A Connecticut nuclear engineer said he's become enmeshed in a federal terrorism probe -- targeted for supporting a militant Islamic Web site when all he may have done is offer to help humanitarian efforts in a war-torn region.
Syed R. Maswood, 41, a Bangladesh immigrant who became an American citizen in 1997, said his home has been raided and he has been detained and searched three times while traveling on business recently. been placed on a U.S. no-fly list -- a watch list including suspected terrorists, he said.
Maswood, a father of three who has donated to several GOP campaigns and keeps a picture of President Bush (search) in his living room, believes he's being singled out because he is Muslim.
"I believe in this country," he said. "I believe in the system. I believe in the fairness of the law. I want to know, what did I do wrong?"
Maswood confirmed he is the unnamed Connecticut (search) resident mentioned last week in a federal affidavit charging a British national with supporting terrorism. He said federal agents raided his home March 17, seizing computer equipment and financial records.
Investigators discovered the resident's e-mail address among files used to maintain a Web site that funneled money and equipment to terrorists, according to the affidavit, unsealed Friday in New Haven (search) as part of an international terrorism probe.
From his home, Maswood runs North American Technical Services, which exports radiation detection instruments, water treatment devices and environmental equipment to Middle East and Asian governments. He said he's had difficulties doing business through the government since Sept. 11, 2001.
U.S. Attorney Kevin O'Connor would not confirm Maswood is the Connecticut resident mentioned in the affidavit.
"We go out of our way in any case not to identify anybody until they've been charged," O'Connor said. "Unfortunately, there's only one way to search a house and that's in public."
Federal agents last week charged British computer specialist Babar Ahmad with running a fund-raising site for Islamic militants. While dissecting Ahmad's computer files, investigators say they discovered an e-mail seeking help getting money to Islamic rebels in Chechnya.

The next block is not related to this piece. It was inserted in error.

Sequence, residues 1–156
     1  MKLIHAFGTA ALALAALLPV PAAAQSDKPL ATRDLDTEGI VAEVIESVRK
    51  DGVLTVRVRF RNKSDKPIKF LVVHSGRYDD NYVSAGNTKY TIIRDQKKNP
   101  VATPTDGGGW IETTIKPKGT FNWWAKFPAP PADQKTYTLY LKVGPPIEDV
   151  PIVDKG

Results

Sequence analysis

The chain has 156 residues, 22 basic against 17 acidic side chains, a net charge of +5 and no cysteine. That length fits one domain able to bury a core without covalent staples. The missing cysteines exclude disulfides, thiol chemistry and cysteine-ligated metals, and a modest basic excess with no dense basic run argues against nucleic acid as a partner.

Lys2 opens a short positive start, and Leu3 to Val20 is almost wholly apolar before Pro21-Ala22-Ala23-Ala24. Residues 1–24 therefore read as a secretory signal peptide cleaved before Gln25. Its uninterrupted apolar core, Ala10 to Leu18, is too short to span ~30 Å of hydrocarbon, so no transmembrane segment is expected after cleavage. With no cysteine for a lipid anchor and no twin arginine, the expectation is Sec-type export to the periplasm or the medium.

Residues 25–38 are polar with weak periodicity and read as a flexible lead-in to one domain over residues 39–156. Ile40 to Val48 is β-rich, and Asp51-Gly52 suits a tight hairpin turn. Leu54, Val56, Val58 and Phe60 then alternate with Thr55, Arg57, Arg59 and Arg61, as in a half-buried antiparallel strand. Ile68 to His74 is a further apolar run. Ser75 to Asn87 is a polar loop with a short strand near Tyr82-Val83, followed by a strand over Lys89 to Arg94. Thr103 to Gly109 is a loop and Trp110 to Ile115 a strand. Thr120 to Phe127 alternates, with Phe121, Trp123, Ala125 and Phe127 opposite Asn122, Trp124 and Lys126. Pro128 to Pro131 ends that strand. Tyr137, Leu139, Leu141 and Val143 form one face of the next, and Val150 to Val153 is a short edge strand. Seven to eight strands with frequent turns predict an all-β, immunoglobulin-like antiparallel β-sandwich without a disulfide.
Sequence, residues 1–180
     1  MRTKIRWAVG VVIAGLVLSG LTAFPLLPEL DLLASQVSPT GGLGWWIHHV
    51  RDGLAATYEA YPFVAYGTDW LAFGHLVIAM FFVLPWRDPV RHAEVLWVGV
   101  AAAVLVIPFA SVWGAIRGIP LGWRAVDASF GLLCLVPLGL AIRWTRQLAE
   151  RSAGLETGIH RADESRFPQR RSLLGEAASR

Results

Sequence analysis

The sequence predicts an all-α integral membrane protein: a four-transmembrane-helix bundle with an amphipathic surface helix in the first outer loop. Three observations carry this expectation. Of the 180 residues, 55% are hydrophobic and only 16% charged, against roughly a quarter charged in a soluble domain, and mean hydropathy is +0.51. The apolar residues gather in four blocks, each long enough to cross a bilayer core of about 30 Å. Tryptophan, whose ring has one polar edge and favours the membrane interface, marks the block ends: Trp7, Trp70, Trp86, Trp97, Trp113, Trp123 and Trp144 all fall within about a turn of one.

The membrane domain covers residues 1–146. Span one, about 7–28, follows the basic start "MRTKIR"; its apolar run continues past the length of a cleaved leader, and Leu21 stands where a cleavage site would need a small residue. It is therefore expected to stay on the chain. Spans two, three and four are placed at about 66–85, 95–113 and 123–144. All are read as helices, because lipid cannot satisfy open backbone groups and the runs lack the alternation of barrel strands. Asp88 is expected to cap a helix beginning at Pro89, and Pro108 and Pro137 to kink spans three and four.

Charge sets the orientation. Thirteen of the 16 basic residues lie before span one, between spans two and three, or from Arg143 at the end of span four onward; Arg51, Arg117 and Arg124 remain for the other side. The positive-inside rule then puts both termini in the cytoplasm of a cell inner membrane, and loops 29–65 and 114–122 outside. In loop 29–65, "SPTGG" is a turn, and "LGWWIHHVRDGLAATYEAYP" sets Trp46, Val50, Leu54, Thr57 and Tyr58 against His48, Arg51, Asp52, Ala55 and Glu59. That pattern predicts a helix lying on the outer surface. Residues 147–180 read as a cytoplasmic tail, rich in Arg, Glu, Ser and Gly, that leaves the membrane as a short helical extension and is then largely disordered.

Maswood said investigators traced an e-mail to him, but added that he's never offered to aid Chechen rebel leaders. He said he may have asked how he could help the humanitarian effort in the area.
Immigration and Customs Enforcement agents also discovered Maswood donated more than $10,000 to the Benevolence International Foundation, an Illinois-based charity accused of supporting terrorism.
Maswood said the charity is one of many he has supported for humanitarian purposes, including Christian relief efforts. He said investigators seized evidence of those donations during the raid.
Before the Sept. 11 terrorist attacks, Benevolence International had been given IRS tax-exempt status.
"If you're claiming that BIF was a terrorist organization, why did the IRS issue them a tax ID number and allow them to solicit donations from all over the country?" Maswood asked.
Last week, a federal law enforcement official, speaking on condition of anonymity, said investigators are going through e-mail addresses uncovered in the Ahmad case, trying to determine who wanted to provide humanitarian aid and who wanted to support terrorism.
"We have known Sayed as a very charitable person," said Ahmad Tansheet of the Muslim Civil Rights Center in Illinois. "His only crime was to give charity to an Islamic organization."
For now, Maswood said the investigation has made him seem guilty to many in Cromwell, a small Hartford suburb. Though he hasn't been named, federal investigators confirmed a search warrant was executed in Cromwell.
In a town of 13,000 people, Maswood said, that effectively identified him.
"I come from a very oppressive country," said Maswood's wife, Awatef, who was born in Tunisia and became a U.S. citizen in 2000. "I used to come back to the U.S. and feel relief. I'm home. This is a free country. What kind of America is this?"
Maswood has sent O'Connor several letters asserting his innocence and characterizing the probe as a witch hunt.
"It's character assassination," he said. "You label them, you destroy their reputation, then later on you may or may not find something."